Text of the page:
BY KRISSI HUMBARD — Hyattsville’s city election is less than a week away and the city council races are heating up. A number of times on social media, residents have called for civility and an end to the negative rhetoric surrounding the election; in particular, the “name-calling” and “mud-slinging,” as one resident put it, in the Ward 1 race.

A number of issues have come up in this campaign season, including questions about campaign finance reports, accusations of questionable conduct or character, allegations of bullying, and claims of false accusations and misinformation.

The candidates’ second campaign finance report was due Tuesday, April 25. Candidates were more prompt this time, with just two candidates filing after the deadline had passed (in contrast with the initial report, in which half filed after the deadline). Talib Karim and Ian Herron, both candidates for Ward 1, filed their second campaign finance report after the 5 p.m. deadline. Under campaign laws, candidates have seven days from receipt of a notice of late filing to file their report before it is considered overdue. Penalties for late filing apply only to the final campaign report and include not being seated or sworn as an elected official and not receiving a salary until all reports required by the board are filed, possible fine of up to $200, or possible misdemeanor.

Explaining his reasons for raising the “important” issue of campaign finance laws,  Councilmember Patrick Paschall (Ward 3) said at the special council meeting Wednesday, April 26, “We have campaign finance laws for a reason. And when half the candidates, like 50 percent of the candidates, fail to comply with local election law, I think that’s something the public should know about.”

When candidates miss a filing deadline, “it doesn’t give an opportunity for the voters to know whether or not there are actual violations before election day,” Paschall added.

Councilmember Edouard Haba (Ward 4) noted that transparency is important but added, “I don’t think that not meeting a filing deadline, alone, has any major weight on a candidate’s commitment to transparency. There are life constraints that we can’t predict nor control. [What] should be alarming is the absolute failure to submit said reports. In the event a candidate fails to comply, our elections code has provisions that address that.”

The Ethics Commission, which looks over the campaign finance reports to make sure candidates are in accordance with the election laws, met Wednesday, April 26. It was the first time the group was able to go through the initial reports from the candidates who filed after deadline, as well as all of the second reports. Commission members tirelessly combed through each report, checking for inconsistencies and making sure all the requirements were met. All candidates but one (Edouard Haba, Ward 4) were sent a letter from the commission asking for edits or updates to their reports; some were clerical issues such as including all contributions and expenditures in a cumulative list (instead of just submitting new entries) or listing all full postal addresses of campaign contributors, to larger issues such as reconciling bank accounts or potential contributions from businesses, which are prohibited under the campaign law. One candidate, Karim, has not submitted any receipts for his campaign expenditures, which is required under the City Election Code.

All campaign contributions and expenditures are self-reported; the Ethics Commission relies on receipts to show expenditures but the group really has no way to check campaign donations. Proof of donations is not required under election law.

The Hyattsville Life & Times reached out to all candidates, asking the same questions about the role of campaign finance reports, missing deadlines, and perceptions of commitment and transparency. Eight candidates responded by press time: Ward 1 candidates Bart Lawrence and Talib Karim, Ward 3 candidates Vinni Anandham and Carrianna Suiter, Ward 4 candidate Edouard Haba, and Ward 5 candidates Derrika Durant, Erica Spell and Ben Zeitler.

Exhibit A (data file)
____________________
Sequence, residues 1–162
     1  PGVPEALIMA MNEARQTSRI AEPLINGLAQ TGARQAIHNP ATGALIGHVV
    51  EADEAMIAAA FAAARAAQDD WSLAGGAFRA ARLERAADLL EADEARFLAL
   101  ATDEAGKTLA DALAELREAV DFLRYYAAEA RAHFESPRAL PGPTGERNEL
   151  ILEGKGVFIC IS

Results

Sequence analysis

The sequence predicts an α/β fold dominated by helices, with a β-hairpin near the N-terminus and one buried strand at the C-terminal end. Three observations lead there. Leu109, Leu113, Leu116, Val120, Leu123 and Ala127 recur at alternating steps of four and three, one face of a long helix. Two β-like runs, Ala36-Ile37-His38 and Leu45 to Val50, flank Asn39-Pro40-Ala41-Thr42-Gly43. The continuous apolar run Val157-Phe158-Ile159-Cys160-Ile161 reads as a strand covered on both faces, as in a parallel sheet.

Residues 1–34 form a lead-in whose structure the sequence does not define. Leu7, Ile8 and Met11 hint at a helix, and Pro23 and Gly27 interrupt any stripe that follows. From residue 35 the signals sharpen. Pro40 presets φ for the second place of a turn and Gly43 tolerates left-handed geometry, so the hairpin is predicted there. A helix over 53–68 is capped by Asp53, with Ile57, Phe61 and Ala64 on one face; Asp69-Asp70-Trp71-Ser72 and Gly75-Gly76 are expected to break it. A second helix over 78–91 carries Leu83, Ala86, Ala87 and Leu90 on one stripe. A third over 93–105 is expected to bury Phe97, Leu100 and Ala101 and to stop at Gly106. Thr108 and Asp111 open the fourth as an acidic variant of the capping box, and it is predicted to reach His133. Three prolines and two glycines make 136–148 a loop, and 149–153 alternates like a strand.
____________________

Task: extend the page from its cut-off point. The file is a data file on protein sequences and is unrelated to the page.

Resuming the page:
All candidates who responded agreed that following campaign laws was important for transparency.

Spell said, “[Campaign finance reports] let the public know who is supporting the candidate, the amount of money and some degree of the effort that went into earning and securing votes.”

Haba said campaign finance reports “constitute an important piece for transparency in our democratic system. They enable us to know where the funds are coming from and how they’re spent.”

Durant, who is funding her campaign herself, said, “Campaign finance reports, particularly campaign contributions, can allow voters to determine a candidate’s susceptibility to adverse external influences.” She stated that is the reason she is funding the campaign herself.

Echoing the importance of campaign laws, Suiter said, “Particularly in this municipal election where the reporting times are so close to early voting days, it’s important that voters have time to review and digest the information. Not submitting a report in a timely manner does a disservice to voters in our community.”

Stating her belief in the importance of punctuality, but also realizing that life happens, Anandham said, “I don’t think people should be penalized for [filing after deadline] — only if they have surpassed the deadline for days and deliberately been unresponsive.”

Acknowledging their importance, Lawrence asked, “If a candidate can’t transparently account for campaign finances, how can we trust a candidate to account for the city’s finances?”

Candidates had different views when asked about the perceptions of commitment and transparency, and the questions some residents have about whether voters can trust candidates who missed a filing deadline to follow the law if elected.

“If a candidate fails to submit a campaign finance report on time, it is absolutely a reflection of their ability to uphold rules and regulations,” Spell said. “I believe it is a reflection of their commitment and just how serious they take the political process.”

Calling it an “important issue for voters to consider,” Suiter said, “it’s also important to consider intent. Is a candidate trying to withhold information to deceive, or is it an honest mistake? That’s up to the voters to decide. We’re all human and mistakes do happen, especially for first-time candidates. I would hope that, if elected, those candidates would grow in their roles and stay true to their duties in office.”